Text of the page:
The isolation of Frank Lloyd Wright's 'complete works of art'
Ten years in the making - or does one say 10 years in the remaking, or 10 years from demolition to crating, to uncrating, to restoring and resurrecting - what does one say of the Frank Lloyd Wright living room opened last month at the Metropolitan Museum of Art?Skip to next paragraph
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One can state the facts: the Francis W. Little House came down from its Wayzata, Minn., site in 1972, 60 years after its design; was packed away for a decade; then reframed and redetailed down to the banks of Wright-made stained-glass windows and furnishings. And now, Wright's biggest room, 30 by 45 feet, is boxed forever into America's biggest museum.
One can go beyond the facts to describe the impression of the place in a less-happy fashion. Entering through the Museum's American Wing, siphoned to the side by a rope arrangement, one encounters environs that are bland to the point of being wan. If beige were a state of mind and not just a color, the word would apply to this pallid canvas from the architect's oeuvre.
One must certainly also state the controversy that surrounds all period rooms. ''Cut down all the trees, put them in a tree museum,'' goes the folk song. And those who espouse the cause of architecture, endorse it in situ - in its space of origin rather than its entombment in museums.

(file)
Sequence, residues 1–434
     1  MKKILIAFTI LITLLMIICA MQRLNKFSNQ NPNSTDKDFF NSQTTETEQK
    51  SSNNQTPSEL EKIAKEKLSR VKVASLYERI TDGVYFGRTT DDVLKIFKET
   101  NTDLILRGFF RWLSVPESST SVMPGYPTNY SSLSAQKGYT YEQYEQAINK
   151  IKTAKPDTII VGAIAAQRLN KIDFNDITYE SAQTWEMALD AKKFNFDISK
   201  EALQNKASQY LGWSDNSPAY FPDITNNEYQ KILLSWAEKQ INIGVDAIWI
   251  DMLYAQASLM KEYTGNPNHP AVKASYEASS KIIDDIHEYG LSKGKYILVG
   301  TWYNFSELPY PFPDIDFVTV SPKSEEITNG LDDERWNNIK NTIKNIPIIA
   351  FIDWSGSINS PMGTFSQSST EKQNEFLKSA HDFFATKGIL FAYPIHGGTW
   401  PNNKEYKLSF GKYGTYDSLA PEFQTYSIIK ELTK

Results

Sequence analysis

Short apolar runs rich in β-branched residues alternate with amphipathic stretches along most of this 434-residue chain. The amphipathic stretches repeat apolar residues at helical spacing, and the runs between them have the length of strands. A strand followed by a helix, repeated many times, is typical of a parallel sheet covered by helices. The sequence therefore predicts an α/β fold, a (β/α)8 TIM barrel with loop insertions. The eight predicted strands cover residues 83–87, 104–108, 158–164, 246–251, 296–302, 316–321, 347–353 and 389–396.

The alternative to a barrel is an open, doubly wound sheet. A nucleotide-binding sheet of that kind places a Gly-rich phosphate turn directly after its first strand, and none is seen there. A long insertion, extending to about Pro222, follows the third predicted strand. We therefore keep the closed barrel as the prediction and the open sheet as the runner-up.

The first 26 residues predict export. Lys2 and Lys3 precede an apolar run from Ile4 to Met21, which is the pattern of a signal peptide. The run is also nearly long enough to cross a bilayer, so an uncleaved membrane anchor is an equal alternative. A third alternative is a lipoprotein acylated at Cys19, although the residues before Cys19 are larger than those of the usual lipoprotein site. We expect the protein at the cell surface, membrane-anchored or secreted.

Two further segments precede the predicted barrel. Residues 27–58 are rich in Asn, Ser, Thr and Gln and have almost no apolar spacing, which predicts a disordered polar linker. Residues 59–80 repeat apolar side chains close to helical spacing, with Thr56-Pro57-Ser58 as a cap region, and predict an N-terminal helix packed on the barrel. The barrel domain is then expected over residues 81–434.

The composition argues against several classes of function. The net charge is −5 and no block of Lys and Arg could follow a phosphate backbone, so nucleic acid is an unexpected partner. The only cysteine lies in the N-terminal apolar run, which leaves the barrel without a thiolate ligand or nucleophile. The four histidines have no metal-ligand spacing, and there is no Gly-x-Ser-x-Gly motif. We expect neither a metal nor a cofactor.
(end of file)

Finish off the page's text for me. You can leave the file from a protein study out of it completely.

Wright, above all, resists museum excerpting. His aims were contextual. ''Organic'' is the operative word. His site plans made sure that levels slotted into landscape, landscape into house. Isolation undermines all that.
Moreover, if ''destruction of the box,'' as he put it, mattered, what do these boxy extractions say of his aims - of progression, openness, of chambers intended to flow into one another; in, out, left, right, surprising, changing as the walker moves.
To have one Little house room here; another, the library, sold to the Allentown, Pa., museum; windows at the Minneapolis Institute of Fine Arts; and the master-bedroom hallway in the Dallas Art Museum multiplies the distortion. Does one chop and crop a Picasso? Must one now play Humpty Dumpty and travel cross-country to put the Little home together again?
In this case the building was doomed, and the Metropolitan did perform a rescue act of a costly 300-foot-long structure.
But the reported $500,000 to $1 million cost for a more gargantuan than glorious Wright house makes one wonder.
Especially so when another, far better, Wright work, the Ward Willits home in Highland Park, Ill., has an uncertain fate, facing demolition or ''museumification.''
While some of Wright's surviving 300 or so homes (of an original 400) suffer from the poverty of their citifying neighborhoods, the Ward Willits home, like the Little house, is plagued by affluence. The costliness of its site - compounded by the owners' willingness and capacity to sell off fragments like the 100-plus stained-glass windows to art-loving vandals - jeopardizes the home.
It is, as Carla Lind, director of the Wright home and studio in Oak Park puts it, a travesty.